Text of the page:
U.S. Q2 growth slows to 2.1 pct with further slowdown in sight

2019-07-27 16:03

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WASHINGTON, July 26 (Xinhua) -- U.S. economic growth slowed to 2.1 percent in the second quarter, the U.S. Department of Commerce said Friday, as projections point to further slowdown through next year.

The rate is a remarkable slowdown from the 3.1-percent expansion in the previous quarter.

While the growth was mainly driven by consumer and government spending, gains were offset by negative contributions from gross private domestic investment, which witnessed a drastic decline of 5.5 percent, the worst since the fourth quarter of 2015.

The growth rate of current-dollar personal income stood at 244.2 billion U.S. dollars, dropping from 269.8 billion dollars in the first quarter.

The Commerce Department also issued revisions of economic growth data over the past five years. After revision, full-year 2018 GDP growth was 2.9 percent, falling below the administration's 3-percent target.

Fed Chairman Jerome Powell told U.S. lawmakers earlier this month that concerns about the lack of momentum in global growth and uncertainties around trade tensions "continue to weigh on the U.S. economic outlook."

The latest U.S. economic data came as the International Monetary Fund (IMF) on Tuesday warned of the negative effect of tariffs on economy.

One of the "pressing needs" in terms of policy priorities, the IMF said, is to reduce trade and technology tensions.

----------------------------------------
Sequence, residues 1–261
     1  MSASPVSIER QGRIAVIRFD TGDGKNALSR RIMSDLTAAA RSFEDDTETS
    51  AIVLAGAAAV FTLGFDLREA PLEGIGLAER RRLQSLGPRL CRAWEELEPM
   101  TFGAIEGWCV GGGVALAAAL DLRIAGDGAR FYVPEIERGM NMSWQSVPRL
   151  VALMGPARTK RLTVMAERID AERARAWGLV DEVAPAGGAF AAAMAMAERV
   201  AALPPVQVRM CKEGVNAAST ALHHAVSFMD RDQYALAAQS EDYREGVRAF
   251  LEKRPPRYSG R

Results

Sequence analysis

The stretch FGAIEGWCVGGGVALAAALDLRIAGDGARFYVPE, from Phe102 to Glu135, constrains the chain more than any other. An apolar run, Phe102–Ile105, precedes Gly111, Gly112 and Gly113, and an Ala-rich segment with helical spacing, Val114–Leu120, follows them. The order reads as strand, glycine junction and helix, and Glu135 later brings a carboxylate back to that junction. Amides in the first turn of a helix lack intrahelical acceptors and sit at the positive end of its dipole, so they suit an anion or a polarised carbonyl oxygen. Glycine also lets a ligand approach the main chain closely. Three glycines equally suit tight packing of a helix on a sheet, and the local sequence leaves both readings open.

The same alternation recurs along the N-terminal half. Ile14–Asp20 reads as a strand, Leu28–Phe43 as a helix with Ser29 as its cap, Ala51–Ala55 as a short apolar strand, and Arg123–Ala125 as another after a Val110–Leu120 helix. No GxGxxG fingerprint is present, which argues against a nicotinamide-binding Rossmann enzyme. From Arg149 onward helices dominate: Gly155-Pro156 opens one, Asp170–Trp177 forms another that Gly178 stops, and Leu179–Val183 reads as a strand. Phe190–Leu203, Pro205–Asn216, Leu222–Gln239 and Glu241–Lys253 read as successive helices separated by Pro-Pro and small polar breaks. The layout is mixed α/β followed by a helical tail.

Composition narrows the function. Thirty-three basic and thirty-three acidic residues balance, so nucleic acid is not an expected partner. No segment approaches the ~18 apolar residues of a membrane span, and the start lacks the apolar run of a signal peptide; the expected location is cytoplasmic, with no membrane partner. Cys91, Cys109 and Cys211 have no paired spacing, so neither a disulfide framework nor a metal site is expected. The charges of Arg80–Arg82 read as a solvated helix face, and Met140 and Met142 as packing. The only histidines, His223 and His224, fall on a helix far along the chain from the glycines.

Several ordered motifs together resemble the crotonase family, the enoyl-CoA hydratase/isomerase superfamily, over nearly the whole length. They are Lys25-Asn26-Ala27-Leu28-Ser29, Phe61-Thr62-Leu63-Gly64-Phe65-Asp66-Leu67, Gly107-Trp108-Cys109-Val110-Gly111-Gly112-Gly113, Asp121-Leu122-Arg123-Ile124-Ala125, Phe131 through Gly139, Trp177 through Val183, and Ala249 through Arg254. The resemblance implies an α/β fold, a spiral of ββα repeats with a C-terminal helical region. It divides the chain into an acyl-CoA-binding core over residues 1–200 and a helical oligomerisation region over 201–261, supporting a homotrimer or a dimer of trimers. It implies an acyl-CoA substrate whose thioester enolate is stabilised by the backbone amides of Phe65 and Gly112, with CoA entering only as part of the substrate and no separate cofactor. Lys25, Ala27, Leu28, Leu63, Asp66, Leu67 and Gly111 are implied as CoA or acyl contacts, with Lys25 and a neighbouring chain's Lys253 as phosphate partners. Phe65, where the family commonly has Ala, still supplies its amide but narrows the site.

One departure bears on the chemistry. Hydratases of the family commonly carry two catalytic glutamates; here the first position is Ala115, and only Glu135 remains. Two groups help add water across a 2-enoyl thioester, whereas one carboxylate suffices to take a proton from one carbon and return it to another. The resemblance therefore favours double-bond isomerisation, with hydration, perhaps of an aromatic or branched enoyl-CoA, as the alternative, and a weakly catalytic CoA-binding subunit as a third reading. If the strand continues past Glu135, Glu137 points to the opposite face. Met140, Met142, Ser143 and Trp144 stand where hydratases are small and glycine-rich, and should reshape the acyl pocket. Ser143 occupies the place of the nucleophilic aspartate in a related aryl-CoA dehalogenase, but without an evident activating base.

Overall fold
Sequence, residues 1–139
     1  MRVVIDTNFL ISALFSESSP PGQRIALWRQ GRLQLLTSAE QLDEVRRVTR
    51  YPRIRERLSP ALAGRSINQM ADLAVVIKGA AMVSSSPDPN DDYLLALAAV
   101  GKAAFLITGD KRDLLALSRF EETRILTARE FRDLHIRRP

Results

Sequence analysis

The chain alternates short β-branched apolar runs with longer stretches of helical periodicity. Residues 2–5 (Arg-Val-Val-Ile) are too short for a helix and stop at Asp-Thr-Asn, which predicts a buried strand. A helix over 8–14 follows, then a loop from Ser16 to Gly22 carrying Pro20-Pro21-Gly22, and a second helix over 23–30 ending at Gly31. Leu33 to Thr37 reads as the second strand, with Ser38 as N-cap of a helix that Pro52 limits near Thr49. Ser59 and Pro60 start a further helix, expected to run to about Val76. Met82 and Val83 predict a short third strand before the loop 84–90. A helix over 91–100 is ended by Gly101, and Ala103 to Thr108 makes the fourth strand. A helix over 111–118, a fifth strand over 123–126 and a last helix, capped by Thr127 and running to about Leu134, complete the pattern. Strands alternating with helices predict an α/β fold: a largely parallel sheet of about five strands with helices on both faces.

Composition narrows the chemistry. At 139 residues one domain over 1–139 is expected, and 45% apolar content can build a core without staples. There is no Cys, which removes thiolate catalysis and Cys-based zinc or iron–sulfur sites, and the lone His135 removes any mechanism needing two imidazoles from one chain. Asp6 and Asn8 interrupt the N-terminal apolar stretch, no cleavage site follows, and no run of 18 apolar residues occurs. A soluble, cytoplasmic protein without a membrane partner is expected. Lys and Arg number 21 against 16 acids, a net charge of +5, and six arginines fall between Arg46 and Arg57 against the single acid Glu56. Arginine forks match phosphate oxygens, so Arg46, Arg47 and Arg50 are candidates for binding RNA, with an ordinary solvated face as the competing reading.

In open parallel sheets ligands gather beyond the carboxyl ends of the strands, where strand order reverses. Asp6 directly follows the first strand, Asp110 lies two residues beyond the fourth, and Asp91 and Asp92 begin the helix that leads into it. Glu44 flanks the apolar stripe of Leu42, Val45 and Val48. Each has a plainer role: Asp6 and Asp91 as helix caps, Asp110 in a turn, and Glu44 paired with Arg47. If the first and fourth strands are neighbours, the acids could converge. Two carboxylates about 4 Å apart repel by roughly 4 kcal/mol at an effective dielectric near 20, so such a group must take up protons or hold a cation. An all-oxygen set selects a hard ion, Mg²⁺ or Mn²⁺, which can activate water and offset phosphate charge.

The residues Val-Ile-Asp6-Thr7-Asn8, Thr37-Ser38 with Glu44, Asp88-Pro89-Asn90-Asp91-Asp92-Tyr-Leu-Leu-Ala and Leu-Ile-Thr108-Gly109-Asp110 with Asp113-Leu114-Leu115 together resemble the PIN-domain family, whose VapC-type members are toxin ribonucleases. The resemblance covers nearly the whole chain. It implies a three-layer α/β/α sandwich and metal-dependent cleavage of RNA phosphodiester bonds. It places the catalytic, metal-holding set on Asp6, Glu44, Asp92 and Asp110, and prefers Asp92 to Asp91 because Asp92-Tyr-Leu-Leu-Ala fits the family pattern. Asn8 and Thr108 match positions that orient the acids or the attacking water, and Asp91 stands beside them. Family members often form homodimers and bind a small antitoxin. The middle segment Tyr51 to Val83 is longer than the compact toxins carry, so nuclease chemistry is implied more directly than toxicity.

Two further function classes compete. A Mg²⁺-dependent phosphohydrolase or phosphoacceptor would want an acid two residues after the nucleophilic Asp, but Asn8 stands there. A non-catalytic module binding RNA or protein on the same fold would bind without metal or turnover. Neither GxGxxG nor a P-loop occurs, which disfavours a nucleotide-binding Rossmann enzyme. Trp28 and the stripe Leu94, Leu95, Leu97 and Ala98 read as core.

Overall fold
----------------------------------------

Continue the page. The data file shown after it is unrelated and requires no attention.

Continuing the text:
"Specifically, countries should not use tariffs to target bilateral trade balances," it said.

Joseph Gagnon, senior fellow at the Peterson Institute for International Economics, told Xinhua that higher tariffs on imports from U.S. trading partners are downside risks to the U.S. economy.

It could get worse if the U.S. administration "slaps a lot more tariffs on a lot more countries," he said. "That would be a risk to the U.S. economy, and then to the world soon."

Meanwhile, data released by U.S. Commerce Department showed that the core personal consumption expenditures price index, an inflation gauge preferred by the Federal Reserve that excludes the volatile food and energy prices, increased 1.8 percent, continuing to undershoot the Fed's 2-percent inflation target.

The current federal funds rate is set in a target range of 2.25 percent to 2.5 percent. However, Powell had signalled a loosening of monetary policy.

CME Group's FedWatch Tool showed that the market is pricing in a 100 percent chance of a rate cut at the Fed's upcoming policy meeting on July 30-31.

However, Gagnon cautioned that the markets "may be a little carried away" on an immediate Fed rate cut.

According to Gagnon, there is a 70-percent chance that the central bank will adopt a "small rate cut" at the upcoming policy meeting.

"To say it's a done deal seems extreme," Gagnon told Xinhua.

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